Yeah, I am sure you consider yourself a great negotiator right?

 Nothing to learn right?

Well, one of my mentors fifteen years ago taught about “Getting to No” in the context of sales.

Get a no quickly to qualify a prospect. I think it equally applies in negotiation. For example:

“Will you agree to limit our obligation to repairing the service performed, deliverable or product for a year after closing?”

Or, in real estate deals, we might ask an investing partner:

“In year three, if real estate prices are way up, can you assure us that you will not force a sale until year seven?”

The “no” that follows tells you so much about where to go next if you really pay attention.

No’s” give us boundaries but also clarify how one sees the relationship.

In the first case, I might ask, for starters, how* the customer would want to handle when things change or do not work as planned?


In the real estate situation, since we know our client cannot prove out its return on cash goals if a sale is forced in year 3, we might have to re-think our assumptions.

The real question becomes how often do you practice the art of paying attention?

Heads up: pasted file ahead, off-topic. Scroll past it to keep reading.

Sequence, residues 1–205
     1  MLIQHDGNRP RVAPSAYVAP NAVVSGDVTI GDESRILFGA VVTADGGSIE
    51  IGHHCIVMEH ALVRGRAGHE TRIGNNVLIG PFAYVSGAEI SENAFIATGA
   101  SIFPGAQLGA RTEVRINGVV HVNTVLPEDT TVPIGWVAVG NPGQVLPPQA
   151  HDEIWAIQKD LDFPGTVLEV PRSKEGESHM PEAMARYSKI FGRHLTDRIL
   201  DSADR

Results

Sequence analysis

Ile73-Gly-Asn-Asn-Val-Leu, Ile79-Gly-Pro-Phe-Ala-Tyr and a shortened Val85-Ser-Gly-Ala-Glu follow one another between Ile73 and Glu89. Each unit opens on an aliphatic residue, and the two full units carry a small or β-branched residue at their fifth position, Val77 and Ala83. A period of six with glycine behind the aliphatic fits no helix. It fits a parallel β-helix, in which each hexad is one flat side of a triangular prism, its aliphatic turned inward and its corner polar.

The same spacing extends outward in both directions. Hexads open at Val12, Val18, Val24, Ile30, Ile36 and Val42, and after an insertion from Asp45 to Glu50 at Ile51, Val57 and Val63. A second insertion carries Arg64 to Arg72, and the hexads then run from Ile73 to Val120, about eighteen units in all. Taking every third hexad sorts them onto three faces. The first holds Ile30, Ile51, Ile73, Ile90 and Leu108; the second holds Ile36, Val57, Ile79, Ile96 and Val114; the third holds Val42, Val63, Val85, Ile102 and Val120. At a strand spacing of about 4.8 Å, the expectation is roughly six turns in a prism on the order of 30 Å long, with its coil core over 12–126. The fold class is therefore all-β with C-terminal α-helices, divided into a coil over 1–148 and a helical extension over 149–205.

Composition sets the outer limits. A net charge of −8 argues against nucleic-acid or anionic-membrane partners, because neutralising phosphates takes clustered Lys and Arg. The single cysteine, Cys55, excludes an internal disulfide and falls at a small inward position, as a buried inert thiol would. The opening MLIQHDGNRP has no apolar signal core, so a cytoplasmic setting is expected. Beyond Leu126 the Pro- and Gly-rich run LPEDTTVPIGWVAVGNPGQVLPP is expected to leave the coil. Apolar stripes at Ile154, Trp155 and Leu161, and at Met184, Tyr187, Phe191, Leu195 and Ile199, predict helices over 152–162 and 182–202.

*how questions are my next topic of focus

How would you rate yourself as a negotiator? 

Do you believe the compliments given by your opponent?

Yesterday, a Mongolia-based consulting services client shared a common negotiation tactic in the US. The nationality of the speaker only highlights an outsider’s perspective.

At a tense point in the negotiation, the American said:

“I would never want to be on opposite sides of this issue with you,” the American said.
“Yeah why is that?” the Mongolian side asked.

“Because you just seem too fierce, I would worry that it wouldn’t end well for me,” the American said.

Americans often use the “false prop up the other side” approach to appeal to ego. Regardless of the words, it is a false compliment to gain leverage and the speaker does not believe it.

I get this often with opposing counsel who says things like “I really like you”, “you’re so smart” or worse, they call my client or me “pal.

These things ever show up in your world?

It is often said in a genuine tone but the fact that it is a negotiation tactic is surprisingly lost on many.

The Mongolian’s below response summed up how the logic of false compliments falls apart.

“You and I are negotiating a transaction to do business together. We are doing the deal because we cannot do it ourselves. If you are telling me that when the chips are down, you will turn from our business partner into our adversary then this discussion is over.”

Would you like to become a better negotiator? Let me know what types of things you negotiate? Shoot me an email –